There’s a reason that pro-wrestling is so popular — and it’s not just the juicy drama and bespangled costumes. People love a good fight, and have for millennia, dating back to the gladiators of Rome and beyond.

So, once a month I’m going to select two marketers and toss them into a Creative Cage Match. I’ll be looking at everything ranging from email to direct mail, website to mobile site. It’ll be a mix of objective and subjective, and each time a marketer will walk out of the ring triumphantly.

Again we dive into my personal inbox (I swear, you’re getting to know me too well). This month’s cage match goes a step further to throw in the hot topic of content marketing. Does one marketer do it better than the other, more creatively than the other? We shall see!

In this corner, we have the beauty products monthly subscription box the ladies love to love, Birchbox. Started in 2010 by two Harvard Business School graduates, Katia Beauchamp and Hayley Barna as an online startup, it has since grown to be a company worth $485 million, maintains relationships with over 800 brand partners and has more than 1 million subscribers. Wowza.

Across the ring, we have the cupcake-obsessed apparel company Johnny Cupcakes. This retailer has bakery-themed brick and mortar locations, as well as an online presence. Founded in 2001 by Johnny Earle, he was named  one of the “Best Entrepreneurs 25 and Under” by BusinessWeek in 2008. Sounds delicious.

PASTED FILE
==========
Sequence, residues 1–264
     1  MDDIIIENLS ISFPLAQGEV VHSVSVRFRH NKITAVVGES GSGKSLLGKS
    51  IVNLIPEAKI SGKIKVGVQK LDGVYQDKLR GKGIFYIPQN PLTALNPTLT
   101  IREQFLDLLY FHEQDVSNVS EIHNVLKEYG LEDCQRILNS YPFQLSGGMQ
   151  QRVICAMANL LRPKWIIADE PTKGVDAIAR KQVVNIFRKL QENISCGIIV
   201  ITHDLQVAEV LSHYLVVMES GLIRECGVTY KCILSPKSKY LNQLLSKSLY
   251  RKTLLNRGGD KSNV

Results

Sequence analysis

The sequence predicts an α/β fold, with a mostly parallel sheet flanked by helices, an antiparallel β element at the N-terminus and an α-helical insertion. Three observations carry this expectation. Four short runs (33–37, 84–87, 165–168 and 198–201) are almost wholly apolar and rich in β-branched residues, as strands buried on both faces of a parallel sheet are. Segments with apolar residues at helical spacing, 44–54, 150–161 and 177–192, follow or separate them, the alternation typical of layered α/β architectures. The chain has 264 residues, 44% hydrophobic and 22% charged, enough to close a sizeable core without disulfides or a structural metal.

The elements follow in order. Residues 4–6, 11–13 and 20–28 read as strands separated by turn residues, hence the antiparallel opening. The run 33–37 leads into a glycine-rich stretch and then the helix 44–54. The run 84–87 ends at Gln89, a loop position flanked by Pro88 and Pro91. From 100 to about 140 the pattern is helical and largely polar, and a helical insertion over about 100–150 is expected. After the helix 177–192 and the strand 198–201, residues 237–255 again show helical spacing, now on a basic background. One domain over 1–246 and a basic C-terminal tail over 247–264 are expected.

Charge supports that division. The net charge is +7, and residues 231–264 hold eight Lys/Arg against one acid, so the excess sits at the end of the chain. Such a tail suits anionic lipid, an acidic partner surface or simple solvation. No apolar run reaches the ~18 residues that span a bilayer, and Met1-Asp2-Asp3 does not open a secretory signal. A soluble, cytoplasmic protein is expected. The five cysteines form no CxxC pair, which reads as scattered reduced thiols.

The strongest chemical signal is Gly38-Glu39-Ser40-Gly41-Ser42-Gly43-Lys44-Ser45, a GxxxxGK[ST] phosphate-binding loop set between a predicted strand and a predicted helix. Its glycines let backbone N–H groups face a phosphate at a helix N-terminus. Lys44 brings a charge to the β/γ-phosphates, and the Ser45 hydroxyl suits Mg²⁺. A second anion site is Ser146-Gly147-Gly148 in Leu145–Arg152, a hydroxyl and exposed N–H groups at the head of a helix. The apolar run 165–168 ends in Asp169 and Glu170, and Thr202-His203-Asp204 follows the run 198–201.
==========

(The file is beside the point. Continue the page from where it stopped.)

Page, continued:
Content Marketing vs. Content Marketing
I know, I know …  a little different than my previous cage matches, but I wanted to address the relevance and creativity of these marketers’ content marketing. Because if you’re going to do it, you better be doing it right.

First up is Birchbox with the subject line, “How to Use Your Eyeko Liquid Liner.” The subject line, by the way, is customized for me because I selected the eyeliner as a sample choice for my January subscription box. There was no question I was going to open this email (especially because I used to be a liquid eyeliner novice … though not anymore!)

Birchbox Content Marketing EmailBirchbox gets right to the point with copy reading big and boldy, “Squiggles No More.” Below is quick copy indicating that there’s a video tutorial to watch via the clickthrough over to the content page on Birchbox’s site. And honestly, nothing else really needs to be said. Take me to the video!

Birchbox video pageThe video tutorial, which clocks in at 1 minute and 36 seconds, sits above the fold, with the ability to “shop this story” conveniently to the right.

Below the video, Birchbox includes step-by-step text instructions to complement the video, as well as text and a link to its popular Beauty Essentials series, which covers beauty routine how-tos, ranging from basic to advanced.

So we have content in multiple forms, and notification of said content, customized for me, delivered to my inbox.

Birchbox, I like the cut of your jib.

The ‘Continuity’ of Subscription Marketing — Wow, It’s Everywhere!

Somewhere down the line, I missed the memo that “continuity clubs” is now a yesterday term and that “subscription marketing” is preferred. While some of us may recall “12 CDs for $.01” or may even today have a favorite product-of-the-month subscription, it seems marketing has fallen in love with subscriptions.